On perusal of data in Table 1 revealed that the different levels of integrated nutrient management, crop geometry and cycocel treatments brought out non-significant response in ascorbic acid content in cabbage heads. However, the highest ascorbic acid content was recorded in treatment C2F3S(40.31mg/100g wet weight) followed by C2F3S2 whereas, lowest ascorbic acid content (23.37 mg/100g wet weight) was found in treatment C2F1S1. The maximum ascorbic acid content in cabbage was recorded in the treatment having 50% Vermicompost + 50 % RDF in combination with 300 ppm cycocel at wider crop geometry (45 cm x 45 cm). This might be due to physiological response of vermicompost with inorganic sources of nutrients for activation of various enzymes and due to more transport of energy to the head. Similar findings were also observed by Mehandran and Kumar (1998), Sharma and Chandra (2003), Upadhyay et al., (2007), Wang et al., (2010) and Rai et al. (2013), in cabbage.
In terms of phosphorus content the highest phosphorus content (89.82µg/ml) was observed in treatment C2F3S3 followed by C3F3S3 and C3F3S2 while the lowest content was recorded in treatment C2F2S1 (40.12 µg/ml). The increase in available phosphorus content in plants by combination of vermcompost and RDF under cycocel treatment at wider crop geometry might be attributed to greater mineralization of native soil phosphorus by reducing ability of soil mineral to fix phosphorus and increased its availability through liberation of organic acid. The organic material as a protective covering on sesquioxide reduced the phosphate fixation capacity of soil and hence increased the phosphorus status in plants. The similar finding has also been reported by Sharma et al., (2005).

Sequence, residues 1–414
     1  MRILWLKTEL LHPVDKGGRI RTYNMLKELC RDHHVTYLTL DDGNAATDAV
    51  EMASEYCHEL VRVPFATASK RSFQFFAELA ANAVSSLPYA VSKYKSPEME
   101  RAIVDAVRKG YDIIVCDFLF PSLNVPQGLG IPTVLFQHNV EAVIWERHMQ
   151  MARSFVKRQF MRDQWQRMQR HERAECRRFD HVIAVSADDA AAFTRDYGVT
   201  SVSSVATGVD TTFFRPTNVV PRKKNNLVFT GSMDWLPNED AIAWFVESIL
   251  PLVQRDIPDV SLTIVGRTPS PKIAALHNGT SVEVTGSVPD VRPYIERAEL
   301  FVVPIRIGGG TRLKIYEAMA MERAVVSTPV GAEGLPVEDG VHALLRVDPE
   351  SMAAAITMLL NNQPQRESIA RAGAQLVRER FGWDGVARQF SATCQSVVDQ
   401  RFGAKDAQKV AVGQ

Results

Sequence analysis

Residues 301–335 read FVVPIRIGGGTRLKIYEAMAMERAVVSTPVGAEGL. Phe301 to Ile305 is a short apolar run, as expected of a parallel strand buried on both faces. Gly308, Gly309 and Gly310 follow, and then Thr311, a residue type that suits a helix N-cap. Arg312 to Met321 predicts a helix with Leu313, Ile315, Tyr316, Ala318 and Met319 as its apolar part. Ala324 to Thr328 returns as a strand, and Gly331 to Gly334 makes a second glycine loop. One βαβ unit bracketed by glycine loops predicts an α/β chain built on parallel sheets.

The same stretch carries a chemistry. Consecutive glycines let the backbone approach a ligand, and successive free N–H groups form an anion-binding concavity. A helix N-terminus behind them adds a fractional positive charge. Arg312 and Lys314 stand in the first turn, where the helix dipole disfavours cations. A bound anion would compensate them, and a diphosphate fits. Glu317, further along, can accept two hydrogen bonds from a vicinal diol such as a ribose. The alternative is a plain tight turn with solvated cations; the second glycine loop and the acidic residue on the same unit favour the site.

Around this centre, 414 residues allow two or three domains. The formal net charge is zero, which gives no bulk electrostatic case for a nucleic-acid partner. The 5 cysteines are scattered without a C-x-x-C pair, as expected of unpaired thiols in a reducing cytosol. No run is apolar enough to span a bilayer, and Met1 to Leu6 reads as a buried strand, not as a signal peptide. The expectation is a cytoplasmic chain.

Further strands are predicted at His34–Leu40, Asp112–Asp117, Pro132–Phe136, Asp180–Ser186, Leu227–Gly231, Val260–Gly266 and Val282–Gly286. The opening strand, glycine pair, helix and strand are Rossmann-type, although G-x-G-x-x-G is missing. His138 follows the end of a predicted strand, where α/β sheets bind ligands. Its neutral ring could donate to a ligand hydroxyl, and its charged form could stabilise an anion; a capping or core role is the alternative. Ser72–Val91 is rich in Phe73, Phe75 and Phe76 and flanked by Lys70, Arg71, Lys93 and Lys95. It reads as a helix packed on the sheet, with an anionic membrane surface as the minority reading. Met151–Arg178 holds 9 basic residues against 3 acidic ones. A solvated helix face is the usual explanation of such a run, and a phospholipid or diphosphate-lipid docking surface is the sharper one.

The highest calcium content (1192.88µg/g wet weight) was observed in treatment C2F3S3 which was found statistically at par with treatment C3F1S2, C3F2S2, C1F3S2, C1F3S3, C3F3S1 and C3F3S2 whereas, lowest content of calcium (614.89 µg/g wet weight) was noted in treatment C1F1S1. The higher amount of Ca observed by the integrated nutrient management through organic and inorganic sources might be due to mineralization of micronutrients in the soils which exerted the more root pressure flow to carry adequate amounts of water-soluble Ca to the cabbage head. Calcium also helps in formation of new tissue such as meristematic tips, young leaves and often exhibit distorted growth from improper cell wall formation. It is also activating certain enzymes and to send signals that coordinate certain cellular activities. Similar findings were also reported by Kuo et al. (1981), Tetsuo and Sonoda (1981) and Padamwar and Dakore (2010).